Devon was in the Marine Corps and had just gotten back from a deployment, which was why I’d never met him before. The click between us was practically audible. We first tried to figure out if we’d known each other as children or something, the familiarity between us was so strong. Elementary school? Summer camp? …Related?! We determined it was indeed our first meeting and decided it was just because we were both so close to our mutual friend. They convinced me to go with them to the party, and Devon and I spent the night in a corner by ourselves, talking, talking, talking. The makings of a great love were there on every level—intellectual challenge, emotional connection, and physical attraction. Seven years later, we count our anniversary as the day we met.
Figuring it Out
From the outside it looked like the contradictions between us would make our relationship a quick fling at best. A feminist, peace-and-love, outspoken “gay” girl with a tech geek, fresh-from-deployment Marine? My friends didn’t know what to make of it. Frankly, neither did I. When people asked what the f*ck was going on, I simply said, “We’re happy.”
My simple answer worked for a while. In fact, our plainly visible happiness made it pretty easy for our friends to accept. But eventually I had to untangle and unpack questions of identity for myself and figure out how to be my not-straight self in a heterosexual relationship.
Figuring out how to be bisexual in a monogamous opposite-sex relationship has been an uphill climb. Devon is amazingly empathetic, intelligent, and radical, but when I first met him he’d been in the Marine Corps for almost eight years and had some, ahem, reevaluation of his vocabulary to do. I’ll be eternally grateful to the series Makers: The Women Who Make America, because it gave him a speedy and thorough feminist education and helped him understand me in a deeper way. We are still figuring out how to manage an egalitarian household together, something I have found to be much easier to do in a same-sex relationship. My bisexuality even shows up in our sex life—not as the cliché threesome, but in how power is shared. Having sex on equal physical footing—having the same anatomy, and being about the same size and strength—makes it a lot easier for there to be more balance in the bedroom. Fortunately, figuring out how to have the same equality in our opposite-sex union has been one of the fun challenges.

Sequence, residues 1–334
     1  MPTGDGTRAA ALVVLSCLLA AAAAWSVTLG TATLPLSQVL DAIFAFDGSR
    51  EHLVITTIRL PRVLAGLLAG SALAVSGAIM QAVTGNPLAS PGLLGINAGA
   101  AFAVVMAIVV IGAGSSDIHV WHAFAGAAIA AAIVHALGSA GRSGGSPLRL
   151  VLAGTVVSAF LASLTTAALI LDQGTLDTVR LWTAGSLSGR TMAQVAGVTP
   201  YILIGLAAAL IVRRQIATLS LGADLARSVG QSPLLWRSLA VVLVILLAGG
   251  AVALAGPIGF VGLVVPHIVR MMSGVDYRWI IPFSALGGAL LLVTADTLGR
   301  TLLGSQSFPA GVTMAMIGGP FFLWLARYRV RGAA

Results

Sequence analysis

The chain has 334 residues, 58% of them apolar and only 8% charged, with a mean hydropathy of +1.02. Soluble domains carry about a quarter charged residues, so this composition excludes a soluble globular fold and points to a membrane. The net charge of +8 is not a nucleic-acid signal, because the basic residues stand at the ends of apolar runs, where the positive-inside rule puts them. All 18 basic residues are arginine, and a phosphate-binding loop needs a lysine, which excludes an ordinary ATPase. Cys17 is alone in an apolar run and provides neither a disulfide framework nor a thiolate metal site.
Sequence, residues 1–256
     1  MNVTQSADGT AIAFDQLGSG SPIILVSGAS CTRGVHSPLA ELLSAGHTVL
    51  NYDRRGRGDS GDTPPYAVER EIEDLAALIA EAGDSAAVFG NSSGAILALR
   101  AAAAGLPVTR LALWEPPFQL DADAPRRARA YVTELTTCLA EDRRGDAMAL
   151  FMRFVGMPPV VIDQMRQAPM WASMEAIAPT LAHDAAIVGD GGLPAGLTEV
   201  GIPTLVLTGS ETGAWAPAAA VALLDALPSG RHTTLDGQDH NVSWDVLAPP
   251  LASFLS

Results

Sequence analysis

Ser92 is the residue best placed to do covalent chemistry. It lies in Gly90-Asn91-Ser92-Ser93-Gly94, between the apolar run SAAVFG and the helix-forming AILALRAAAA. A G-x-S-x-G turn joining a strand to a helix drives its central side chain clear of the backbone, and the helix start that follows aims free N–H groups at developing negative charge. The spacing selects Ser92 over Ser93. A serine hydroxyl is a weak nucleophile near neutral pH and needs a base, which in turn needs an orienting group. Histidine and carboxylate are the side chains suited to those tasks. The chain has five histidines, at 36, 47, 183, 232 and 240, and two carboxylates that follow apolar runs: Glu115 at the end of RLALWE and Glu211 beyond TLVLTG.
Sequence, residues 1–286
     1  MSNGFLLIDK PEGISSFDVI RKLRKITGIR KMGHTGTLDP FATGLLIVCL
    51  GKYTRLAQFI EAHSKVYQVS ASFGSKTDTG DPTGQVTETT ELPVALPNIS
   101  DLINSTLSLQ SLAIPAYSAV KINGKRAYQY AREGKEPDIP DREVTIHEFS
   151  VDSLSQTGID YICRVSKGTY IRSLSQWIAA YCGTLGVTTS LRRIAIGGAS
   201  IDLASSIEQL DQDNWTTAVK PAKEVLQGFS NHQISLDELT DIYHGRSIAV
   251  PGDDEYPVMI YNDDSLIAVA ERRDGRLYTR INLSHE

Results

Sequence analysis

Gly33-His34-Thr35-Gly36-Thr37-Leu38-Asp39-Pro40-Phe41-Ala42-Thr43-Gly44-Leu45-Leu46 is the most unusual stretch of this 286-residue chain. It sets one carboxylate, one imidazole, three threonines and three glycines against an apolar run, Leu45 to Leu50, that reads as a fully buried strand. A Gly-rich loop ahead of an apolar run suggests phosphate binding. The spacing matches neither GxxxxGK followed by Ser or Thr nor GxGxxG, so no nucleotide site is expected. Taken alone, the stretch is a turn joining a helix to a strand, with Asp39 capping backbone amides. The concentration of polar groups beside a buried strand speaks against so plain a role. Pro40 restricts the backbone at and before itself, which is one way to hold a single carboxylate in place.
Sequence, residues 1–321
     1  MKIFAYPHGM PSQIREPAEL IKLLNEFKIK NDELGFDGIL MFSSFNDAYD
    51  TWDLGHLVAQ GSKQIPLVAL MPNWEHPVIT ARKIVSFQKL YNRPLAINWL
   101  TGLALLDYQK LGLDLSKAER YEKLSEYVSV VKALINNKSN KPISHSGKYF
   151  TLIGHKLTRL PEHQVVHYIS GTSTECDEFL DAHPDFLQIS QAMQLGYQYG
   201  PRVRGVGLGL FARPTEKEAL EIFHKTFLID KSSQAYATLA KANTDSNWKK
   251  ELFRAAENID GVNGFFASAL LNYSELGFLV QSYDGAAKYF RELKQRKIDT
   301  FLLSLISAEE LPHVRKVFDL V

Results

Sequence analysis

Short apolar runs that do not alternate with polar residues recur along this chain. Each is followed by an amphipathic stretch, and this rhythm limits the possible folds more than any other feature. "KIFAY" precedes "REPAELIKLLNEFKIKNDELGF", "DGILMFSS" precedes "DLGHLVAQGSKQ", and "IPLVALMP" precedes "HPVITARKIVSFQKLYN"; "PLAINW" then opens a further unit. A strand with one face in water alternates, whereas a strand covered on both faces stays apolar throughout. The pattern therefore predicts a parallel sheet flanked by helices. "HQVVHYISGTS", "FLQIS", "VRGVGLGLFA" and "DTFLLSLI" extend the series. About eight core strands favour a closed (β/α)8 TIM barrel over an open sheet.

How To Be out… With A Man
The biggest struggle I’ve had, and continue to have, is deciding how to be “out” on a day-to-day basis. You can no longer see my otherness from the outside. I’ve been really conflicted about how to plan a straight wedding as a bisexual girl, especially because weddings are so steeped in heteronormative tradition.
Devon and I are committed to being advocates for equality and have led campaigns and donated money, but we don’t want our wedding to feel like a heavy-handed political statement. Yes, the personal is absolutely political. And if I were marrying a woman, our personal commitment would appear externally political. But how do we do this as an opposite-sex couple? I don’t have an easy answer, except that we will be ourselves. And like everything else we have done so far, we will figure it out together.
This post originally ran on APW in October 2013